South Asian Critical Muslim feminism requires an analysis not only of challenges at the family (micro); community (meso), state, and global contexts, but also of solutions: different feminist Muslim leadership models. Terror is the first challenge. The state’s War against Terror, whether it is in the mountain fastnesses of Kashmir, or in the Rohingya refugee camps in Bangladesh, or through the PATRIOTS act in post 9/11 America, impedes Muslim women’s voices and the Muslim feminist impetus. At the micro level, Muslim women are reluctant to bring domestic violence concerns to the authorities for fear of deportation or imprisonment of the batterer. By framing reports about gender-based violence and abuse as disloyalty, community-level patriarchy seeks to mute Muslim women. Further, within-community contests about gendered access to material and spiritual resources are discouraged, if not voiced over. Binarism is the second challenge. The nexus of Islam, globalization, and empire has created binary ideologies. The stereotype of the monolithic bearded Muslim male oppressor and the submissive hijabi Muslim woman is dear to liberal Western feminists and their civilizing mission. Simultaneously crude and subtle, these Orientalist binaries challenge Muslim women in their everyday lives. Two models of South Asian Muslim feminist leadership are needed to overcome these challenges: 1.) The community-leadership model, which is based on a feminist interpretation of the Quran and organizing Muslim women to resist patriarchy within the community; and 2.) The scholar-activist model, which directly confronts the imperial gaze and publicly advocates for Muslim women. Such leaders ally with nonMuslim feminists outside the community Both models share common perspectives: power differentials among Muslim women have to be acknowledged, and solidarity among Muslim women coupled with alliances with profeminist Muslim men are vital.
Ayesha Mian Akram, University of Windsor
In 1974, the Pakistani Constitution was amended to declare Ahmadi Muslims as non-Muslim, initiating a systematic structural attempt to erase Ahmadi Muslims from the very fabric of Pakistan. This resulted in institutional persecution, the concealment of Ahmadi identities, and the mass migration of Ahmadis out of Pakistan into diasporic contexts. This was the story of my family. Subsequently, my association with South Asian-ness is governed by the attempted erasure of my community from South Asian history and politics through the intergenerational reproduction of oppressive structures and practices of persecution. Considering the hostility and violence with which my family and other community members were forced out of their homes, I constantly debate public disclosure of my identity and hesitate to expect welcome into South Asian spaces, fearing similar sentiments are deeply embedded in diasporic South Asian relationships. This disclosure or un-disclosure depending on context is one that I continue to navigate as part of my Muslim and Pakistani heritage. As with other markers of identity that we choose to turn away from, deliberately take up in reclamation efforts, or go back-and-forth in liminality, I realize that these South Asian politics have shaped my own politics as a feminist, educator, and researcher. The transformative potential of critical South Asian diasporic feminisms relies on critical scrutiny of interrelated structures of oppression that challenge the erasure of identities, respect differences, build solidarities, and ultimately challenge the hegemonies that seek to continue the marginalization of religious minorities.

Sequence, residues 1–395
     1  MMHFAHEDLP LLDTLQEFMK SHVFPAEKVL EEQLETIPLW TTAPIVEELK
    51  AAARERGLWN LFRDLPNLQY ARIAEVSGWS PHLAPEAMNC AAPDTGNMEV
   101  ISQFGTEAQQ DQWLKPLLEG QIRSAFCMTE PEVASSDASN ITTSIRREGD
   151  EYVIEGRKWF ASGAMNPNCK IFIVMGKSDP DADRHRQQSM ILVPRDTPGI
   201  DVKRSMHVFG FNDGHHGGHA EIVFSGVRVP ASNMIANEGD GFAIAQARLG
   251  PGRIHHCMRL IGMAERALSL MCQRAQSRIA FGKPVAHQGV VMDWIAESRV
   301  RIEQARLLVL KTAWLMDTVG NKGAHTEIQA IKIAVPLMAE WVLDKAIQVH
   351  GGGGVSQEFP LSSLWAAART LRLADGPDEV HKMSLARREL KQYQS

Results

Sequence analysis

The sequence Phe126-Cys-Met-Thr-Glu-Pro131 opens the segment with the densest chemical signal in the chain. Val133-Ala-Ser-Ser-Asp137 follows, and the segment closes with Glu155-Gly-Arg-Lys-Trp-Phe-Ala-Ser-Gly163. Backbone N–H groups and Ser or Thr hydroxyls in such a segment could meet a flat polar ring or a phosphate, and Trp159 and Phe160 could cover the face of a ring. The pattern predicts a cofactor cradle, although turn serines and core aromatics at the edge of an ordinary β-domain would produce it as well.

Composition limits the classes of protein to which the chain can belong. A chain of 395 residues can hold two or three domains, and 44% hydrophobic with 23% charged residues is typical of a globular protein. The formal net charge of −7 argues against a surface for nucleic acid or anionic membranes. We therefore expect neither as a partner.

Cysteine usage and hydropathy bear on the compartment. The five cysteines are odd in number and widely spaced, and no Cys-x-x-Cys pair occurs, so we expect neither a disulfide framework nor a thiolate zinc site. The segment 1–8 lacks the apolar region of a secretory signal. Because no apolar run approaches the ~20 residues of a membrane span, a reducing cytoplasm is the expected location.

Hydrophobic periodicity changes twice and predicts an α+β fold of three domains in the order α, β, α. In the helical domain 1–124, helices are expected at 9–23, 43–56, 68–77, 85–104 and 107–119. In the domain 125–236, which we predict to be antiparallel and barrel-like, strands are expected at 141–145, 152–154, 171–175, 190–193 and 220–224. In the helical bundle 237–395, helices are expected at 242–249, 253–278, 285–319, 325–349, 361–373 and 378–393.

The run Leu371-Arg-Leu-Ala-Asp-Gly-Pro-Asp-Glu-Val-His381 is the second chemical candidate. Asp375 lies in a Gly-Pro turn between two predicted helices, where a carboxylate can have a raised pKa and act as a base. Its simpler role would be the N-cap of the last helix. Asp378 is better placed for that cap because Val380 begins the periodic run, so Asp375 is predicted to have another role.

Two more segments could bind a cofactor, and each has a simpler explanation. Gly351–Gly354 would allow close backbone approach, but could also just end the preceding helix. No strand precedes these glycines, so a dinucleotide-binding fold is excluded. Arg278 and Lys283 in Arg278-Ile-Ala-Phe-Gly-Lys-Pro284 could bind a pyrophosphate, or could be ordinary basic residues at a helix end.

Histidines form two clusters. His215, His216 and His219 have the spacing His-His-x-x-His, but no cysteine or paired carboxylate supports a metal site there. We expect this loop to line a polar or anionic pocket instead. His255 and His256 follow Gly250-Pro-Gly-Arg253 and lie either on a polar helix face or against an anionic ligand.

Ummul Fayiza, University of Warwick
Taking the south Indian state of Kerala as a site of inquiry, this presentation explores the ways in which the relationship between Islam and feminism is developed through various forms of contestations and negotiations. For the last two decades, there has been an emergence of independent perspectives within Muslim women politics in Kerala, specifically from the dual vantage of being a minority inside the community and the context of Hindu nationalist otherization of the Muslim minority as a whole overcoming both secular and religious binaries. The global discourse of Islamic feminism is engaged in different ways according to the changing patterns of political interest and preferences of the community in Kerala. This presentation focuses on the response from the Muslim community and the secular public sphere of Kerala to the emergence of Islamic feminist discourse in the last two decades. Islamic feminism entered the public discourse when Margot Badran visited Kerala as part of a United States of America (USA) consulate outreach program in 2003. There was a massive public protest in opposition to what was termed as the "cultural imperialism" of the USA, especially in the context of growing local protest against Iraq and the Afghan invasion. The second moment of Islamic feminist discourse in Kerala had emerged when Amina Waduds book Quran and Woman: Rereading the Sacred Text from a Womans Perspective (1999) was translated into Malayalam in the year of 2009. This community-led translation initiative was positively welcomed from different positions, in contrast to the USA-led project of Islamic feminism. In the third moment of Islamic feminism in Kerala, I want to explore the responses to my book, a critical introduction to Islamic feminism (2020), written in Malayalam language, that was dynamically engaged and debated within different parts of the Muslim community. The presentation self reflectively analyses the experience and theory of Islamic feminism in Kerala to demonstrate that the community is an important site for Muslim womens politics and textual and scholarly hermeneutics of Islamic feminism.